Restless Leg Syndrome

Restless Leg Syndrome

What is a Restless Leg Syndrome?

Restless Leg Syndrome (RLS) is a sensory neurological disorder that is characterised by unpleasant sensations in the legs and the compelling need to move the legs. The most common sensations have been described as cramping, soreness, creeping or crawling sensation in the calves or feet which can vary in severity from mild discomfort to severe pain. Restless Leg Syndrome is usually experienced when trying to sleep or when seated.

Restless Leg Syndrome Symptoms?

The most distinctive symptoms of Restless Leg Syndrome are cramping, soreness, creeping or crawling in the lower legs when lying down and trying to relax. As a result, most people with RLS have difficulty falling asleep and staying asleep. Over a period of time this may cause daytime exhaustion and fatigue.

What Causes Restless Legs?

The exact cause of Restless Leg Syndrome is unknown but it has been linked to:

  • Iron deficiency and poor iron transport around the body;
  • Family genetics – 50% of RLS is linked to genetic chromosome 12 or 14, depending on the family;
  • chronic diseases such as kidney failure, diabetes, Parkinson’s disease, and peripheral neuropathies;
  • pregnant women in their last trimester;
  • people taking certain medications – such as anti-nausea, anti-seizure, and antipsychotic drugs.Restless Leg Syndrome

Treatment for Restless Leg Syndrome


  • A number of medications may be tried to treat the disorder, including central nervous system depressants, benzodiazepines, opioids and anticonvulsants. Medication that affect dopamine transmission in the central nervous system (Sinemet, Madopar, Pergolide and Cabergoline) have been shown to help Restless Leg Syndrome. Your GP or specialist will provide you with the relevant support and medication if you require it.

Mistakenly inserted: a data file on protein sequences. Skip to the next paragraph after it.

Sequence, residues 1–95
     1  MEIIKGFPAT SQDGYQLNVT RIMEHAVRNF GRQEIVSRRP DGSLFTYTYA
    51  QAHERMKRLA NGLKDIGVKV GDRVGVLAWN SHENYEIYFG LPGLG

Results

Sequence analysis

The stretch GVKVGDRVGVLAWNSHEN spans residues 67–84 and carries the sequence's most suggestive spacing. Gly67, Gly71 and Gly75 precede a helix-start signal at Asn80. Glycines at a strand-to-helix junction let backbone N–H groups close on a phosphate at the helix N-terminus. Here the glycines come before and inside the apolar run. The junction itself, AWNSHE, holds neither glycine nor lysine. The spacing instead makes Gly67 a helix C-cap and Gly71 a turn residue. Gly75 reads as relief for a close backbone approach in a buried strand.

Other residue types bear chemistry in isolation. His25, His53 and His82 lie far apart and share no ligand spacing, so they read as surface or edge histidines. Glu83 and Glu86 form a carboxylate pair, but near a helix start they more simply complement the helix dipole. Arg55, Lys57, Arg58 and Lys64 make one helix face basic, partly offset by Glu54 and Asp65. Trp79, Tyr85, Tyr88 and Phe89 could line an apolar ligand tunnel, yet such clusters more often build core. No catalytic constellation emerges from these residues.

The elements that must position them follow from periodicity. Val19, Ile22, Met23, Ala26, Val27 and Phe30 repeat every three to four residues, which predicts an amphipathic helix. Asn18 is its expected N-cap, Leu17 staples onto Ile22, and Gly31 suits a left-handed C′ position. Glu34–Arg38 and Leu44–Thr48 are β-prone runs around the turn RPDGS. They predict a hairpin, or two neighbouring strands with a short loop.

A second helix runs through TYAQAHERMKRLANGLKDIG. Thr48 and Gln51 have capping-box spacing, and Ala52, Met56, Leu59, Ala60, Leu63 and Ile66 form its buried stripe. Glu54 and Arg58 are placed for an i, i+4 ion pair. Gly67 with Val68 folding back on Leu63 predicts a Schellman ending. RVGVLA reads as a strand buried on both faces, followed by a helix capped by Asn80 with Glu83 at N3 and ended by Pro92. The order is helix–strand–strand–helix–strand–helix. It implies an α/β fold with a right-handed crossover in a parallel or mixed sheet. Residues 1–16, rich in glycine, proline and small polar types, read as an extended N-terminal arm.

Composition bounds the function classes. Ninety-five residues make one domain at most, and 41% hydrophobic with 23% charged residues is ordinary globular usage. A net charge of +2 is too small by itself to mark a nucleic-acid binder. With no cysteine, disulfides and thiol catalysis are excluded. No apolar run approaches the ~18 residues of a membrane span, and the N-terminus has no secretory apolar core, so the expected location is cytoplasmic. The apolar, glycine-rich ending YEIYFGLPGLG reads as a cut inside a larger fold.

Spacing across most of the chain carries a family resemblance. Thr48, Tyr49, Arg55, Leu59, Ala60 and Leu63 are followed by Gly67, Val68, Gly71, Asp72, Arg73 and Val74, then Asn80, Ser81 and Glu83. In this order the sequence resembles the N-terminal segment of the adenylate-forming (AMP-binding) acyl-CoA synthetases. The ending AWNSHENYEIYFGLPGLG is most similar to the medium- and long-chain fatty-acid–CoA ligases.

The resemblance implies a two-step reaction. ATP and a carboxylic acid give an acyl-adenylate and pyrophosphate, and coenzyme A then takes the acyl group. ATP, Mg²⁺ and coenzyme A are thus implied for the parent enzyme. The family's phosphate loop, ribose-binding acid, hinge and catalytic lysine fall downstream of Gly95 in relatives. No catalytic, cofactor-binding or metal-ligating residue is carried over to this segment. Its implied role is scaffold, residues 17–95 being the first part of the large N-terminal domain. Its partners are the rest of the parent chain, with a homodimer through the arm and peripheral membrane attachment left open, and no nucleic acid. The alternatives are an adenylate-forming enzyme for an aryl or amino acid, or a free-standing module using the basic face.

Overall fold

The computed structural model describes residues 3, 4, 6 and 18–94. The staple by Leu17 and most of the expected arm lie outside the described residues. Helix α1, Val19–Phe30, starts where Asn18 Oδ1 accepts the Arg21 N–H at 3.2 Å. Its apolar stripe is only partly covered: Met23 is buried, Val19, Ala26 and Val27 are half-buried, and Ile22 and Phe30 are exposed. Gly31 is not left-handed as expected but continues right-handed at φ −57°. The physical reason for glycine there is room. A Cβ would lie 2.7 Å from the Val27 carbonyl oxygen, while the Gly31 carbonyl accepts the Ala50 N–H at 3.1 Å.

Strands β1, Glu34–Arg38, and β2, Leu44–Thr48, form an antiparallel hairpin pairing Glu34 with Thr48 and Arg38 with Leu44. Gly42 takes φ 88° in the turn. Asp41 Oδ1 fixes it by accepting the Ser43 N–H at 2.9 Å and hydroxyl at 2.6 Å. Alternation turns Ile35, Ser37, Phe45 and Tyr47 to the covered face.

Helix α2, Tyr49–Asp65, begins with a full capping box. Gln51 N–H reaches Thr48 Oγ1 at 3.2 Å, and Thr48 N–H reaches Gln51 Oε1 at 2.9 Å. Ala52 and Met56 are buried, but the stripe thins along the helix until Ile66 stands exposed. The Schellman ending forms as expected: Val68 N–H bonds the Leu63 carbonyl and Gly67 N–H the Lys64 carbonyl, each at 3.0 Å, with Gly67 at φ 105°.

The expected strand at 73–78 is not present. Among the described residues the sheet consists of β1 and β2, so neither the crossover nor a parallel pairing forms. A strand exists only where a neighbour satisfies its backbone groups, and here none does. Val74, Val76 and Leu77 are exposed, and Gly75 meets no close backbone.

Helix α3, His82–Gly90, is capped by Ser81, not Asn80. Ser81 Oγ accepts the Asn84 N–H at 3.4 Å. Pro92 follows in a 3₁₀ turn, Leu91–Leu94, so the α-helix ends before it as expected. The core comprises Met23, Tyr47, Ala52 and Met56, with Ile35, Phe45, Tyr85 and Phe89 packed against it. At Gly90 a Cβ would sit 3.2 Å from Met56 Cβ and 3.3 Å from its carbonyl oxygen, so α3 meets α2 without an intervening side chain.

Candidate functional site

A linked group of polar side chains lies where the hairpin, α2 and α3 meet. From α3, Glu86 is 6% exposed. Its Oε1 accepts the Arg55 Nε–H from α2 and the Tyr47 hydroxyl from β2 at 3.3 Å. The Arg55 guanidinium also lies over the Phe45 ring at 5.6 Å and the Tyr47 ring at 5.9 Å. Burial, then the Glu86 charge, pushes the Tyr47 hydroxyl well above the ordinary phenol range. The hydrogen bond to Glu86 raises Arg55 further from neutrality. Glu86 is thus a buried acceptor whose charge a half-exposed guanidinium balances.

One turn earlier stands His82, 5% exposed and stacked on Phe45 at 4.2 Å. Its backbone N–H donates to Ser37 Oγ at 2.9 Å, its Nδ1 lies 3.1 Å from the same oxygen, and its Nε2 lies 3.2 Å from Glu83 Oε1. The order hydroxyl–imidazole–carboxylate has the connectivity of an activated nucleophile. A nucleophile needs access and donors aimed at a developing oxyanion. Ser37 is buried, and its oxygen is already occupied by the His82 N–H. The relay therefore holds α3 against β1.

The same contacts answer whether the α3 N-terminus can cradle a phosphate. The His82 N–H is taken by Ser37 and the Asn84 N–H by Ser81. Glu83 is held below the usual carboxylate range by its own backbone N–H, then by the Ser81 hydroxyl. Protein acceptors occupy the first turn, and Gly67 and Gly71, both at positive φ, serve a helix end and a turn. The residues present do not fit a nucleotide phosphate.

• If you are Iron, folate or magnesium deficient you GP will be able to perform blood test to confirm any deficiencies and prescribe the necessary supplements

Therapy – Exercise

  • Movement can bring temporary relief from the symptoms of Restless Leg Syndrome, this is why you may feel that walking in the night when you get symptoms feels good. Alternatively, performing a program of regular moderate exercise may help reduce your symptoms and help you sleep better. However, excessive exercise has been reported by some patients to aggravate RLS symptoms.

Your physiotherapist will be able to monitor and advise you on suitable exercises to help with Restless Leg Syndrome.

Therapy – Massage, Heat and Ice

  • While there is no conclusive evidence to suggest massaging cures Restless Leg Syndrome, but many patients do feel symptoms can be eased by regular massage.
  • Using a heat pack, having a warm bath or placing an ice pack on your symptomatic areas for 10-15mins before bed may also help relieve symptoms.


For patients where there is no apparent associated medical condition, certain lifestyle changes and activities may reduce or eliminate symptoms. These include:

  • decreased use of caffeine,
  • decreased use of alcohol,
  • decreased use of tobacco,
  • addressing any stressful influences in your life.

For specific advice, please contact your physiotherapist for advice.

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